Tom Temin And that’s where the buttons come in, right?

Dawson Cagle And the buttons. So interestingly, the buttons in the, that’s called haptics. It’s actually one of the more interesting parts. If you look at how weave is done on a garment, there’s two directions that the threads go, right?

Tom Temin And it’s called the warp.

Dawson Cagle That’s the twisty part. And the other is called the weft. Right. And the warp and weft.

Tom Temin Right. That’s how a loom works.

Dawson Cagle That’s exactly right. There are researchers in our teams that have worked to build different kinds of wires that can be put in the warp and the weft that you press together to form a switch. So you could actually have a fabric switch. So, I mean, this this. The innovation is amazing, watching how the different parts that you would assume go into a rigid puck and how you put that into fabric.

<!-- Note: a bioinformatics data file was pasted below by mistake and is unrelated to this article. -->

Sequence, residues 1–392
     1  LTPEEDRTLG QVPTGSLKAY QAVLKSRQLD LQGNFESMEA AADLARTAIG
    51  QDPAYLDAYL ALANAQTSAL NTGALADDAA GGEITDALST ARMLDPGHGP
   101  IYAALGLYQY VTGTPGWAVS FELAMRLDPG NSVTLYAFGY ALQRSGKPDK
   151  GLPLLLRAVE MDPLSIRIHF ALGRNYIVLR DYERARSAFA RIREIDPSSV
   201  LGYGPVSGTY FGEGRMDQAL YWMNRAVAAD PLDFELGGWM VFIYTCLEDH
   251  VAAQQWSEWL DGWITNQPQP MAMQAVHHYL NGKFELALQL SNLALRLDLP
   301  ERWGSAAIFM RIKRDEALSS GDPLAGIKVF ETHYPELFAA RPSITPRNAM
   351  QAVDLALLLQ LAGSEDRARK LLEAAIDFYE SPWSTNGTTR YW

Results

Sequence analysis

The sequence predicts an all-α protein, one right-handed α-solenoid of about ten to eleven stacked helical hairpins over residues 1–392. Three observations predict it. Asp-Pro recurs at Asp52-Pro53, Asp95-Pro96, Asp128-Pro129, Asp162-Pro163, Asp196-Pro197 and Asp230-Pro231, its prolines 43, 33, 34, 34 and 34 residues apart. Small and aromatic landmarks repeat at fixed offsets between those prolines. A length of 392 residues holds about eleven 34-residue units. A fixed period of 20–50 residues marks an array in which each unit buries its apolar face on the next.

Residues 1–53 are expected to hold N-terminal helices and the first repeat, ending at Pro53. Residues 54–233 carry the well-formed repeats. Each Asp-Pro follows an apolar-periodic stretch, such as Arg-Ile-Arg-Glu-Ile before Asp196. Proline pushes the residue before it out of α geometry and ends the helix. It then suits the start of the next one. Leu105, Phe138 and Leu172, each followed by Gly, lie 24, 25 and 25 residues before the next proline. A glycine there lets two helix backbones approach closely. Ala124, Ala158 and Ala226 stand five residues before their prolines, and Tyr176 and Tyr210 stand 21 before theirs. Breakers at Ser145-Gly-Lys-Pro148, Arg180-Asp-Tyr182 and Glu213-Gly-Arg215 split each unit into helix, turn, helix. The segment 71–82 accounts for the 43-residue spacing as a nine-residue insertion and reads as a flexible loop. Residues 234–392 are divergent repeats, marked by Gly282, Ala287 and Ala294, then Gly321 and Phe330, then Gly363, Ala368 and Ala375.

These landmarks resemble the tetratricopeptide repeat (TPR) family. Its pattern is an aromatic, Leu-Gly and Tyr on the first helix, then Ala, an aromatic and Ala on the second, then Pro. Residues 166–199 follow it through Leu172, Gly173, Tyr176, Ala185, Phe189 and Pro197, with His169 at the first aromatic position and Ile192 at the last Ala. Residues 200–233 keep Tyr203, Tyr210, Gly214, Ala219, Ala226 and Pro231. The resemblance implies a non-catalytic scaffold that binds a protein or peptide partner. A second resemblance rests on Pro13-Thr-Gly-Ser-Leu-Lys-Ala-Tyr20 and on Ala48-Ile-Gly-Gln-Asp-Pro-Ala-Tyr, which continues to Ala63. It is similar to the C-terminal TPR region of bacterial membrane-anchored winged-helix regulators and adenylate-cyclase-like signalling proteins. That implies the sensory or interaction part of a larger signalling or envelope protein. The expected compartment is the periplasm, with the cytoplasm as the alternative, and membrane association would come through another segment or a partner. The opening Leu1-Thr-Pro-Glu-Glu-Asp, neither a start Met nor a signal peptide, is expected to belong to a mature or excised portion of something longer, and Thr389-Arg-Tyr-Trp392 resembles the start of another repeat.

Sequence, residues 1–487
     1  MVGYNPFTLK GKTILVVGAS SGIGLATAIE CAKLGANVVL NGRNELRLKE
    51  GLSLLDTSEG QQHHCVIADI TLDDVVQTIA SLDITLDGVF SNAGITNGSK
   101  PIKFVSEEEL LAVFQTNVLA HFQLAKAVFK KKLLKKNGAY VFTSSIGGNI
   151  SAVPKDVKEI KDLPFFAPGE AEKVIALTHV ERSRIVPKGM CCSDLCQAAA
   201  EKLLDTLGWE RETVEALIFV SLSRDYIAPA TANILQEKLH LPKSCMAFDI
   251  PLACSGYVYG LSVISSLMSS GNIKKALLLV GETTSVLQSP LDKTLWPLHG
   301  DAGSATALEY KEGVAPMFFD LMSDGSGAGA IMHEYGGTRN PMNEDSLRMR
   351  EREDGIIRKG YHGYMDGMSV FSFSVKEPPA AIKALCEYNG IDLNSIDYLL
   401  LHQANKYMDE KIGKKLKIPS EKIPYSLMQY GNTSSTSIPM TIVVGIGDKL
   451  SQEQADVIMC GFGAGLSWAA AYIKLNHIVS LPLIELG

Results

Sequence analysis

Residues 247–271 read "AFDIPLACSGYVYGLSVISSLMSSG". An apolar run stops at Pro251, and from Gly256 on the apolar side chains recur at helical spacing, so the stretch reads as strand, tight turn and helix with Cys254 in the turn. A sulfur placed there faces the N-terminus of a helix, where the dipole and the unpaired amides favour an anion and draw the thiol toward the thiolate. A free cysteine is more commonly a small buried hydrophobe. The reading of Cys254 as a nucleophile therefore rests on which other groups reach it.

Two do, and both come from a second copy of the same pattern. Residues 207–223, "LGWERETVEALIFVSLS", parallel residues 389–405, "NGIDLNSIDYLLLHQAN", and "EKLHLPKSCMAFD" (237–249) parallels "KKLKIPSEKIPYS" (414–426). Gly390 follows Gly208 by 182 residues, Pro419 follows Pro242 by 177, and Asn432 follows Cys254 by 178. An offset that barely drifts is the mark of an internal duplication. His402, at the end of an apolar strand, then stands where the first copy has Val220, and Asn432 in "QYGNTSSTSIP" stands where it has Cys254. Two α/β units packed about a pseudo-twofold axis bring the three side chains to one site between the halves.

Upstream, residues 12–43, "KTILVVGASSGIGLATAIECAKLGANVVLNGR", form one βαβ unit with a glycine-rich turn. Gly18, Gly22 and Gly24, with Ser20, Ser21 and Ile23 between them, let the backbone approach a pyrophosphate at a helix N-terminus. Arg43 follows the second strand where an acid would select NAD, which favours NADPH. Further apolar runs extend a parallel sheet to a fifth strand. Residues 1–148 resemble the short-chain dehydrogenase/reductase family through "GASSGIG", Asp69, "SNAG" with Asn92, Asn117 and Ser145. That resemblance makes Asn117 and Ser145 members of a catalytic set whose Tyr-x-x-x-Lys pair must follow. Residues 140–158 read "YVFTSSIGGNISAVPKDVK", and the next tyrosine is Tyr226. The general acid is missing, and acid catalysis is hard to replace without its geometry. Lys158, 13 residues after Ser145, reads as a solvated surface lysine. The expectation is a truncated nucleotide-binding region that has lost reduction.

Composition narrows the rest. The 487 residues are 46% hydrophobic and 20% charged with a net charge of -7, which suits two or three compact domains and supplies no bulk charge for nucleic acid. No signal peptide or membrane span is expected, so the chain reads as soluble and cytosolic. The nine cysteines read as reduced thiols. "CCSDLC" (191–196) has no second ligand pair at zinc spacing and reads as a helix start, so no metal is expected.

Tom Temin And what is your timeline on getting, say, a prototype?

Dawson Cagle Well, I get prototypes in three stages on the program. The first one is in just a year and a half. The teams need to put all of the pieces together and to put them on some kind of a flexible swatch of fabric or something similar. And then one year later, I get my first garments. And then third is a garment that you can actually wear around and wash. All of that is like three and a half years.

Tom Temin One of these days we’ll say, ‘You want to have lunch? Well, I’ll have my shirt, call your socks,’ and we can get together and decide when we get together.

Dawson Cagle I love that